Friday, August 12, 2011


Where did the name for this blog come from? Test Plant refers to a research and development tool used in the mechanical engineering for a locomotive. The Test Plant tool was a stationary stand to operate prototype steam locomotive designs built by the Pennsylvanian Railroad in 1904 and first applied at the Louisiana Purchase Exposition in 1904. In 1905 the Test Plant was moved to Altoona, PA.

The drawing above is page 24 of "The Pennsylvania Railroad System at the Louisiana Purchase Exposition - Locomotive Tests and Exhibits," published in 1905.

Here is a sketch of the Test Plant from page 61 of "Apex of the Atlantics," by Frederick Westing, 1963, Kalmbach Publishing Co., Milwaukee, WI, 1963. The book described how the PRR designed a passenger locomotive, class E6, using the Test Plant. Atlantic was the name used to refer to a steam locomotive that had 4 leading wheels supporting the smoke box, 4 driving wheels attached by driving rods to the steam cylinders at the front of the engine and 2 wheels at the rear of the locomotive supporting the fire box of the boiler assembly.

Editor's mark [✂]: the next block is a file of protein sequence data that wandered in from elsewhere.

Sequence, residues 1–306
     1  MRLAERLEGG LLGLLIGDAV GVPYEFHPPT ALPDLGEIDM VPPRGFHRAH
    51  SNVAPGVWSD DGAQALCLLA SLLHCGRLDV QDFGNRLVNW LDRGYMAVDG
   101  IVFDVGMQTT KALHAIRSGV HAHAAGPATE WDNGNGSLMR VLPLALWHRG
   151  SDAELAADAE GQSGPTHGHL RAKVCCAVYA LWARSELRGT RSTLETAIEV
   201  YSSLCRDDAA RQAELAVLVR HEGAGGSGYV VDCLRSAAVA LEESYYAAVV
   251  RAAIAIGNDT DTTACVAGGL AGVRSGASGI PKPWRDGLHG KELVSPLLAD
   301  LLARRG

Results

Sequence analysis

Pictured is a steam locomotive positioned for stationary testing. It is an atlantice with a 4-4-2 wheel arrangement.  "The purpose of the locomotive test plant was to support and hold the subject locomotive stationary but with driving wheels revolving and a full head of stem in the boiler. Through its use Pennsy test plant engineers could make a firsthand examination of an engine, feeling its pulse, checking its respiratory rate, and determining its blood pressure with the accuracy of a clinical diagnosis. Results of such a checkup could quickly reveal whether or not the locomotive came up to the standards set for it."

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